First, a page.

Participants in a job fair at Dolphin Mall in Miami. (Wilfredo Lee/Associated Press)

The Nov. 3 Politics & The Nation article “Review finds rising death rate among middle-aged whites” was published one week after “Study: Older workers face discrimination” [Digest, Economy & Business, Oct. 27]. Might there be a correlation?

Department of Labor statistics indicate that although unemployment for middle-aged workers is lower than for several other groups, they are unemployed for much longer periods. Hiring a veteran may be the cause du jour, but hiring a middle-age person is at least as important. Prolonged unemployment (and underemployment) wreaks havoc on one’s finances, retirement and well-being. For nearly two years, my Peace Corps service and a master’s degree failed to open any doors except part-time work at $15 an hour. I still am underemployed, earning about $18 an hour (but with benefits).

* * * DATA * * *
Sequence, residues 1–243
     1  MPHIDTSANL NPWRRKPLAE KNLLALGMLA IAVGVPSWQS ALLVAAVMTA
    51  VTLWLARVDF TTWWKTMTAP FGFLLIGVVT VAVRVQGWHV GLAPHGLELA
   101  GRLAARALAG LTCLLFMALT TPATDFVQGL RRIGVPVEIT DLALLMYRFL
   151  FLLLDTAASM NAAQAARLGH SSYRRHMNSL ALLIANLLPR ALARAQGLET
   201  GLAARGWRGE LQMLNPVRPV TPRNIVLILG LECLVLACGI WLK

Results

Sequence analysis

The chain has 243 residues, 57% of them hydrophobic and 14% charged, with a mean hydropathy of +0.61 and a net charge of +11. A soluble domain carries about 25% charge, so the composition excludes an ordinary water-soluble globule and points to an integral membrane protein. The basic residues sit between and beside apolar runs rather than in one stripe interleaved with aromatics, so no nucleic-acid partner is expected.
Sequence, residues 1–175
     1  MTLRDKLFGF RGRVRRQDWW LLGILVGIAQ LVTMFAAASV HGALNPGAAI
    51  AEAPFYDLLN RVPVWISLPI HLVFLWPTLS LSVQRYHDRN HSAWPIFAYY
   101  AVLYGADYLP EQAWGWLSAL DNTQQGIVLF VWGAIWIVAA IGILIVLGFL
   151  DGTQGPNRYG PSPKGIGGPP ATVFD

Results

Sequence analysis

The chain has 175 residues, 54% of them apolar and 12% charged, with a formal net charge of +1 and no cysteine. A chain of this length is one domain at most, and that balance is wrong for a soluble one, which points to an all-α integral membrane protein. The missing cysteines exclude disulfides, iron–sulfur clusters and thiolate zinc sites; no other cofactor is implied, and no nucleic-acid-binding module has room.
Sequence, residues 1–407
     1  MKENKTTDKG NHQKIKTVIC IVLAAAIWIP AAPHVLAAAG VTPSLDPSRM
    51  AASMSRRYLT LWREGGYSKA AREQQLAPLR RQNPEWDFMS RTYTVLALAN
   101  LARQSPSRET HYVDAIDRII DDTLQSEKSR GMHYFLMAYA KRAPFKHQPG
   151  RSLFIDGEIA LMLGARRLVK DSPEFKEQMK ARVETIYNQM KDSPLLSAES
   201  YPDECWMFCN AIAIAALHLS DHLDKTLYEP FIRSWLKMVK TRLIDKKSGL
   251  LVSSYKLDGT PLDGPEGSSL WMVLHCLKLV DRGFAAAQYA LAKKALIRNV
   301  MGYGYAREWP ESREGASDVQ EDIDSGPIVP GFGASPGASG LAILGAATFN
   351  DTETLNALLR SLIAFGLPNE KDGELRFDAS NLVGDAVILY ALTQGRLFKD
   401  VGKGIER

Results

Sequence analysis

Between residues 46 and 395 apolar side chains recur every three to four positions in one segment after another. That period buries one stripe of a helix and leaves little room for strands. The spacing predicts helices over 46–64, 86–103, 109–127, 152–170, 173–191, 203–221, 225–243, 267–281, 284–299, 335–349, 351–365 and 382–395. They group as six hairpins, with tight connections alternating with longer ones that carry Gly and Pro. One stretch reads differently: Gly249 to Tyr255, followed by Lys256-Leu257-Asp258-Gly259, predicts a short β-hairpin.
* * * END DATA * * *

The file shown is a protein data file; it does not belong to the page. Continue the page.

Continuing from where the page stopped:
The lack of employment opportunities for the middle-aged is not because there aren’t good jobs out there; we’re not even invited to interview. This issue deserves greater discourse and action. 

Charlotte Reed, Washington